And, real quick, let’s see some good news! Our excellent news, in fact, come from New Zealand, as they beat COVID-19 for the second time. The first time New Zealand thought it had eliminated the coronavirus from its isolated shores, a mysterious outbreak in its largest city shattered any sense of victory over a tenacious foe. Now, after a second round of strict lockdown, the country believes — if a bit more tentatively this time — that it has effectively stamped out the virus once again. On Wednesday, New Zealand moved to lift the last of its restrictions in Auckland after 10 days with no new cases linked to a cluster that first surfaced in August. The government will now allow unrestricted gatherings, and trips on public transit without social distancing or masks, in the city of 1.6 million people. Prime Minister Jacinda Ardern, who is facing re-election next week, called the reopening a validation of the country’s “go hard, go early” response. The strategy is aimed at eradicating the virus with a swift science-based policy, one that trades weeks of lockdown and sacrifice for an emergence to full economic activity.

“Our team of five million, a little more battle-weary this time, did what national teams do so often. We put our heads down, and we got on with it,” Ms. Ardern told reporters in Christchurch on Monday as she announced that the restrictions would be loosened, referring to the total number of people in New Zealand. “You only had to look around the world to see the alternative to our approach here in New Zealand,” she said, adding that there was a 95 percent probability that the country had eliminated local transmission of the virus.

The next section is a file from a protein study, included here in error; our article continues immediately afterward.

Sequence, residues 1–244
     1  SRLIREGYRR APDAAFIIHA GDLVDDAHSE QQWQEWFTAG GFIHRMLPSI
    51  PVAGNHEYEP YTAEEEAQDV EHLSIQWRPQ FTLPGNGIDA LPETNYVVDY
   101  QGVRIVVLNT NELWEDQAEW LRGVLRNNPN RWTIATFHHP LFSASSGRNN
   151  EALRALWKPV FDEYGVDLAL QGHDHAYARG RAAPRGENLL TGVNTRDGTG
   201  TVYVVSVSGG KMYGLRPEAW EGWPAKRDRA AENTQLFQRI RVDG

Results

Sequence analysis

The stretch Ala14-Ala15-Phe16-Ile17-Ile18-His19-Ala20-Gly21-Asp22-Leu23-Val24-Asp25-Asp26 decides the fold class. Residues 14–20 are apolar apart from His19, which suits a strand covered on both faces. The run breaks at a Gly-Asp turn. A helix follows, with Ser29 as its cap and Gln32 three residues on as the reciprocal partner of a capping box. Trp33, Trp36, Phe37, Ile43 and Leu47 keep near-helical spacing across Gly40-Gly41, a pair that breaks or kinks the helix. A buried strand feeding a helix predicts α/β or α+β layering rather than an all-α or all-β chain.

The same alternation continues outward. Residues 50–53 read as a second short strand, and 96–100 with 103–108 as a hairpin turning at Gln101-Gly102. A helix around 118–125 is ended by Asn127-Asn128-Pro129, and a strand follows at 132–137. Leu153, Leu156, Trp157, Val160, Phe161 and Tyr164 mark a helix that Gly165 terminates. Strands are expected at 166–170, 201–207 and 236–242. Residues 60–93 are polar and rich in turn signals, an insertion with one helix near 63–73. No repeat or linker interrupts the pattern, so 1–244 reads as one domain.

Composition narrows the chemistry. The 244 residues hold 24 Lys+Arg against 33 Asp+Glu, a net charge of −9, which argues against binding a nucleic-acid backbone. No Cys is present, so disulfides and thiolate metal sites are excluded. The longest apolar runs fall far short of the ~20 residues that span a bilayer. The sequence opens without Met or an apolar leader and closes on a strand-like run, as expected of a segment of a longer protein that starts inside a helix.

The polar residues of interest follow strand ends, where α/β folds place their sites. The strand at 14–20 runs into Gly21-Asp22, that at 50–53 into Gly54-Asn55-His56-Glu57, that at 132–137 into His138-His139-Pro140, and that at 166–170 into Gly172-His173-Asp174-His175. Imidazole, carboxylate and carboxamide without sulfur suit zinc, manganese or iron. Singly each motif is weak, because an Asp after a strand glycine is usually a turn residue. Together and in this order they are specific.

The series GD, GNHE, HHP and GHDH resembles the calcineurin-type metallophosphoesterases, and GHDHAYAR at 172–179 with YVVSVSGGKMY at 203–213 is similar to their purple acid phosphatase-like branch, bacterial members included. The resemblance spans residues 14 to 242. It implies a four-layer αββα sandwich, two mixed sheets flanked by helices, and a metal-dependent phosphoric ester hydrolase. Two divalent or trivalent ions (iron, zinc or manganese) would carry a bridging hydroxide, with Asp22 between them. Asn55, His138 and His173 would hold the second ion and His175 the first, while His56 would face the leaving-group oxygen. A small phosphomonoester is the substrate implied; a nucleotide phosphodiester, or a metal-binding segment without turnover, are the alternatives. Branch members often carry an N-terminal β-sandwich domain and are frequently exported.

Experts cautioned that New Zealand’s small population and isolation meant it was uniquely positioned to manage the disease. But its success presents a stark contrast to many other parts of the world as deaths from the pandemic have surpassed one million. India is being devastated by the virus after proceeding with its economic reopening even as a second wave washed over the country. In the United States and Brazil, leaders have continued to play down the pandemic’s dangers even as they themselves have been infected. The word “elimination” in relation to the virus, said Michael Baker, an epidemiologist at the University of Otago, “might stick in the throat for some politicians, because it seems too tough, but as we found in New Zealand, it’s a goal you aim for, and you accept you might have outbreaks.”